« Programming as a craft | Main | Querying RDF »


Adding triples to a Wilbur database

Richard Newman has a good idea of how to add triples to a Wilbur database. Basically, he introduces a function that takes "Lisp-like" descriptions of RDF resources. It's funny, Wilbur used to support a function a bit like this; perhaps the whole idea should be revisited in Wilbur2 (yes, I know, I have said that it's coming, and it really is...).

Richard's function add-triple-list is, however, a bit too much like a function from, say, Java or C++ "transcribed" into Common Lisp. I couldn't help writing my own (mostly because of my mental disease). So here goes:

(defun db-add-description (db description)
  (destructuring-bind (frame &rest slot-and-values) description
    (dolist (slot-and-value slot-and-values)
      (destructuring-bind (slot &rest values) slot-and-value
        (dolist (value values)
          (db-add-triple db (triple frame slot value)))))

(defun db-add-descriptions (db descriptions)
  (mapcar #'(lambda (description)
              (db-add-description db description))

Basically, db-add-description takes two parameters: a database instance and a special description of a resource (an rdf:Description, that is; hence the name of the function). The syntax for the description is

( frame { ( slot { value } * ) } * )

It returns the node affected. The function db-add-descriptions merely takes a list of special descriptions and returns a list of the nodes affected.

Looking at the code, doesn't it make you think that it would be so nice to have a special version of dolist that instead of a variable would use a destructuring pattern. We could define it as follows:

(defmacro dolist+ ((pattern list &optional (value nil)) &body body)
  (if (symbolp pattern)
    `(dolist (,pattern ,list ,value) ,@body)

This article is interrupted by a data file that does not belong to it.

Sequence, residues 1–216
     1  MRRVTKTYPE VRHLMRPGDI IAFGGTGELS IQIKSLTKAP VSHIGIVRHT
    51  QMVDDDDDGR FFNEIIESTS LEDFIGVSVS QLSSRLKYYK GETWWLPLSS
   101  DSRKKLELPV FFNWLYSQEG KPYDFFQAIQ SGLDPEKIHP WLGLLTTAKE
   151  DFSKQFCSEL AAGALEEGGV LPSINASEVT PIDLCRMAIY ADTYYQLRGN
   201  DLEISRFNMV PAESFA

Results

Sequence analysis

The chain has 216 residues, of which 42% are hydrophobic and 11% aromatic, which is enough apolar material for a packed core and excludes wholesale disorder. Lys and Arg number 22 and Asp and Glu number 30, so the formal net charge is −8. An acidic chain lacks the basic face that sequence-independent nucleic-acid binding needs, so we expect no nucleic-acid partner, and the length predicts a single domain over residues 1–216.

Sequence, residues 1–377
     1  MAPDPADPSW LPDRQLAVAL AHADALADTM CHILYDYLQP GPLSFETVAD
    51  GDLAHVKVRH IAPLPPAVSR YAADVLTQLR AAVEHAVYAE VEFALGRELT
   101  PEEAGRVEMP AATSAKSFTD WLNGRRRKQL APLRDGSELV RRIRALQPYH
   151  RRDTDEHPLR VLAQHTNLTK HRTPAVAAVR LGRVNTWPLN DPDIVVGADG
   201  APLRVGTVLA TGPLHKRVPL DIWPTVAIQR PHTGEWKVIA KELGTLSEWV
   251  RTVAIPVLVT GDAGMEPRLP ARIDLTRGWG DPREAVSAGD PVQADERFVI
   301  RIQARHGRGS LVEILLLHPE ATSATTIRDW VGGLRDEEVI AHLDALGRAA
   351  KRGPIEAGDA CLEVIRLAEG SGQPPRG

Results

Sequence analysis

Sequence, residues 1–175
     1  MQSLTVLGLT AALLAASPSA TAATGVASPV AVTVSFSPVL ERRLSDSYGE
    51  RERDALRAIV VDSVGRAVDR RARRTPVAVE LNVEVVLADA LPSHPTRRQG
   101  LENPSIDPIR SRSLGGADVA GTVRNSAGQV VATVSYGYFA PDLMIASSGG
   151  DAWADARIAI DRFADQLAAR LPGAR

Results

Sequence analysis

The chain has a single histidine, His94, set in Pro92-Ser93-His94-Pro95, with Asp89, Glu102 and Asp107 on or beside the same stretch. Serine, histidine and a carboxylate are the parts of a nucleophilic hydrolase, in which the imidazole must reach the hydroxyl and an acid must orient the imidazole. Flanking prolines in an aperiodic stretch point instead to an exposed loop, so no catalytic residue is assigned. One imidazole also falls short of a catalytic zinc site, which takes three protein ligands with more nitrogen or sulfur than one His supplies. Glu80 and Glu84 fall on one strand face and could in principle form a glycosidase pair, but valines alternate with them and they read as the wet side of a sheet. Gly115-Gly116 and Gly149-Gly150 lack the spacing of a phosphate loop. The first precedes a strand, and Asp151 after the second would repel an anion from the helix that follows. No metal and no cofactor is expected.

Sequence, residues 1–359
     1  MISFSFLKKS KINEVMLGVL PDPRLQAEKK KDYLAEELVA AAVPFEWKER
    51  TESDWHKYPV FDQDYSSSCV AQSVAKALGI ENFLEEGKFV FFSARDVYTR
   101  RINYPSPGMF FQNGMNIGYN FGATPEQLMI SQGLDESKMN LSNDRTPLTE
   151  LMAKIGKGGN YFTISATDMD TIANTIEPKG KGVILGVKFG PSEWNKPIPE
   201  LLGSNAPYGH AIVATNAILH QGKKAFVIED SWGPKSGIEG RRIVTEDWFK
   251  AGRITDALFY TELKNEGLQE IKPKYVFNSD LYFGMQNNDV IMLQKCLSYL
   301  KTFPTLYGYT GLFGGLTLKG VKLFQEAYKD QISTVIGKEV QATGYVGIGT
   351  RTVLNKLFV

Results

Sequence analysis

(let ((i (gentemp)))
      `(dolist (,i ,list ,value)
         (destructuring-bind ,pattern ,i ,@body)))))

We could now rewrite db-add-description as follows:

(defun db-add-description (db description)
  (destructuring-bind (frame &rest slot-and-values) description
    (dolist+ ((slot &rest values) slot-and-values)
      (dolist (value values)
        (db-add-triple db (triple frame slot value))))

No big deal, I guess, but I have a bunch of other code where this type of constructs abound.

Posted by ora at 11:55


You're absolutely right; my abysmal code was the result of (a) never having used destructuring-bind, and (b) being a two-minute hack :D I think it would be worth my while to look at destructuring-bind.

I was aiming for one feature; the ability to either provide a list of values or a single value, just like Notation 3 with its semicolon and comma operators. Your version does this without having to explicitly use lists, which is a benefit.

Add in a declarative prefix form, and you've got a great competitor for N3 :)

Thanks Ora! I'm honoured to have such a valuable critique.

Posted by: Richard Newman at May 2, 2005 05:48 PM

I have noticed one difference, though -- I don't think the solution presented above will deal with a single triple, e.g.

(db-add-description db '(!a:a !a:p !a:o))

which my original code did (i.e. it checks both the properties and objects to see if they are lists before processing them, so at either stage you can present a list or a value). This example must be written as:

(db-add-description db '(!a:a (!a:p !a:o)))

Posted by: Richard Newman at May 2, 2005 06:09 PM

Perhaps the time has come to fulfill one of my original dreams about RDF: an s-expression syntax! XML vs. s-expressions was a subject of lengthy (and at times heated) debates in the original RDF M+S WG. I have often felt that choosing an XML-based syntax for RDF was a big mistake. It has created more confusion than good.

Posted by: Ora Lassila at May 3, 2005 08:29 AM

I think it would be advantageous. There's a relationship between RDF formats and languages, I think... RDF/XML is Java, Notation 3 is Python.

SPARQL feels a little bit like a good C program.

Lisp could do with its own concise format... perhaps this weekend ;)

Posted by: Richard Newman at May 3, 2005 10:22 AM